HBO’s The Idol is poised to be one of 2023’s most talked about and polarizing shows…if it ever even comes out. Created by The Weeknd and Euphoria helmer Sam Levinson, the show focuses on the lurid side of the entertainment industry, with Lily-Rose Depp playing a young pop star and The Weeknd as a seedy cult leader who she falls for. But a detailed new report from Rolling Stone highlights just how chaotic production has been, from the scrapping of a virtually finished season to the insertion of Levinson as director to troubling stories from several crew members.
According to Rolling Stone sources, The Idol was slated to cost roughly $54 million, but wound up reaching close to $75 million during its initial run of production. Acclaimed indie director Amy Seimetz was originally hired to helm the series, but when she showed up for pre-production, scripts were incomplete, the timeline was unforgiving, and the network had unrealistic expectations of what could be accomplished.
There was also a reported disconnect between where Seimetz wanted the show to go thematically, and how Levinson wanted it. “What I signed up for was a dark satire of fame and the fame model in the 21st century,” a Rolling Stone source said, but the show became less about Depp’s character’s journey and more about the seedy, toxic romance between her character and The Weeknd’s.
The Weeknd responded Wednesday afternoon with a previously unseen clip from the series that coincidentally shows his and Depp’s characters disparaging Rolling Stone as “irrelevant” in reaction to a cover story offer.
Despite a frenetic schedule and constant rewrites, most of the show was shot by April 2022, and the rest was due to be filmed after a short break. However, that month Deadline reported that Seimetz left The Idol, and the series was to undergo significant changes. A subsequent Deadline piece stated that The Weeknd did not like how much the show focused on its “female perspective.” Levinson entered the driver’s seat, reportedly scrapping most of what had been shot and shifting the tone drastically, filling new roles with buzzy young stars like Rachel Sennott and Blackpink’s Jennie, and allegedly writing disturbing, abusive scenes between Depp’s and The Weeknd’s characters which one source likened to “sexual torture porn”—there’s one especially bizarre note involving an egg and Depp’s character’s vagina.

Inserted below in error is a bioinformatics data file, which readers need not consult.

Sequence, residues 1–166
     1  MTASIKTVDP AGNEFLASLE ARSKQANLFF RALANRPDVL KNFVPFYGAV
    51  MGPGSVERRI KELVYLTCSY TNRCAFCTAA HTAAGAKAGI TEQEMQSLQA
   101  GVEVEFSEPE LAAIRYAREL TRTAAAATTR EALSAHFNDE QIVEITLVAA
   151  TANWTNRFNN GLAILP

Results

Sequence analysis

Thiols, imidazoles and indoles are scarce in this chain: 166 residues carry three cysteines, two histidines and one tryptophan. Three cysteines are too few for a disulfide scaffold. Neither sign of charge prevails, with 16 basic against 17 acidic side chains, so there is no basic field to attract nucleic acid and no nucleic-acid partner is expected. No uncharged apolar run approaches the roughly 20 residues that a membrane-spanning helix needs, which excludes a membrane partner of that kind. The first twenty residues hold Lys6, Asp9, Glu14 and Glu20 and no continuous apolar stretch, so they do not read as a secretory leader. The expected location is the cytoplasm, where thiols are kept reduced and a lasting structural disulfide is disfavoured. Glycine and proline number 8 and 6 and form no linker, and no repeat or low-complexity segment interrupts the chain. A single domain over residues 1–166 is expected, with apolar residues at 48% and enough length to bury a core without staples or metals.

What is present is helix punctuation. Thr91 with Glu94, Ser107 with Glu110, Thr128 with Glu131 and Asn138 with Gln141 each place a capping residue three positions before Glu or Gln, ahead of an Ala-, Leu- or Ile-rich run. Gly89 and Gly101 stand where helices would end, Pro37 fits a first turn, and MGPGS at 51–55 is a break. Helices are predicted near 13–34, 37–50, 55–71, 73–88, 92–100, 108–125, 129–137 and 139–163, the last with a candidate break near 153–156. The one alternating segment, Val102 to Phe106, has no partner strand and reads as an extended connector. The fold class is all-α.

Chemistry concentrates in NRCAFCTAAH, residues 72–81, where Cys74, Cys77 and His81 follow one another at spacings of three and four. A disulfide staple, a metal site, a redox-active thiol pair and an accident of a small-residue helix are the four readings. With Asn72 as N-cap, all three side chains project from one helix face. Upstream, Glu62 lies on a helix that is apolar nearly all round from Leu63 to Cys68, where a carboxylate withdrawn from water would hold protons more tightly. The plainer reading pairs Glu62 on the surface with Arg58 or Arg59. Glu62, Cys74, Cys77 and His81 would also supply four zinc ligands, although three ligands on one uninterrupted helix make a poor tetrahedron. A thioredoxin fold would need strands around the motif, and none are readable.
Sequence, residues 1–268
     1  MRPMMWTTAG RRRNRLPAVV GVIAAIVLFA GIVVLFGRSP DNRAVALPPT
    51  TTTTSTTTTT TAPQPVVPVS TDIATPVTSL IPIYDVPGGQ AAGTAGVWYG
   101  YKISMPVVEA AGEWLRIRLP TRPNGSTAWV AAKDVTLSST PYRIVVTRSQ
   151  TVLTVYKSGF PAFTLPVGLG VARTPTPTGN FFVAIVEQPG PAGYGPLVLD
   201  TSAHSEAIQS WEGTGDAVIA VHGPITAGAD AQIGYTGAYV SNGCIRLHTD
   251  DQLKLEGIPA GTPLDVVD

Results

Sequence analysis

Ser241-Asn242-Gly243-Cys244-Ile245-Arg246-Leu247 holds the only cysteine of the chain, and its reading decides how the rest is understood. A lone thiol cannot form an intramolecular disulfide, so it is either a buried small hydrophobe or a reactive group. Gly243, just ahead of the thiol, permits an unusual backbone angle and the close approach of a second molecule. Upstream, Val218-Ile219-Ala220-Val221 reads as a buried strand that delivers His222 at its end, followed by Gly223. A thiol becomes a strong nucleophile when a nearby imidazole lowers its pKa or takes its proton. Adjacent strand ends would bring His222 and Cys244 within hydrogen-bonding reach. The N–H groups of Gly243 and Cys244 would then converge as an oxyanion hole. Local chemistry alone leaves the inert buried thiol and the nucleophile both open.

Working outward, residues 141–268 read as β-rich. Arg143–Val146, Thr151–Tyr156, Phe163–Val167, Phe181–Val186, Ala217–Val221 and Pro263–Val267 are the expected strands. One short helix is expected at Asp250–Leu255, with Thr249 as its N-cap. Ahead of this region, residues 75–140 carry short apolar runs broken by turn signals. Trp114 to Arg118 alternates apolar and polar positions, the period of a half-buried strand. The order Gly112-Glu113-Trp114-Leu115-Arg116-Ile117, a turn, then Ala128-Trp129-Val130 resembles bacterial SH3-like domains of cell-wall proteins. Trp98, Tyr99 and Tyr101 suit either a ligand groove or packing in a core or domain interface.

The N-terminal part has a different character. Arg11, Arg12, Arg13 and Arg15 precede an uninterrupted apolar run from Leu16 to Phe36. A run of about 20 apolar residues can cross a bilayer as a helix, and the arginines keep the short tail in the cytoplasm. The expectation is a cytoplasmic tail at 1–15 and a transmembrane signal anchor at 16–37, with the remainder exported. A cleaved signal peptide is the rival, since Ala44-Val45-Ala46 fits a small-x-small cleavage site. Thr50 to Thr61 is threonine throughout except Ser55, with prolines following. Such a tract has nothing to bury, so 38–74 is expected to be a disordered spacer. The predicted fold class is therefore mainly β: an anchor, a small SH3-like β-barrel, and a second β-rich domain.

“It was like any rape fantasy that any toxic man would have in the show — and then the woman comes back for more because it makes her music better,” a source told Rolling Stone about how the show changed once Levinson replaced Seimetz.
The reported chaos while making The Idol is consistent with a 2022 Daily Beast feature about the dysfunctional set of Euphoria’s second season. In that piece, which was also written by Cheyenne Roundtree, there are reports of workdays lasting up to 17 hours, in part because “Levinson rarely came to set with a shot list.”
Levinson’s work on Euphoria has been the subject of much scrutiny, from fan critiques about the amount of nudity and graphic drug use depicted in the series to rumors of on-set feuding with star Barbie Ferreira. Still, he remains an extremely in-demand figure in Hollywood due to the success of Euphoria and his ability to reel in top talent.
“This was such a strong example of just how far [Levinson] can really push HBO and they will continue to cover [him] because he brings in money,” a production source told the magazine. “He’s able to walk away unscathed and everybody still wants to work with him… People ignore the red flags and follow him regardless.”
Despite all the production drama, ballooning budget, and ample reshoots, it is unclear when exactly The Idol will begin airing. As Rolling Stone noted, HBO has given minimal clarity on the much hyped series’ release timeline.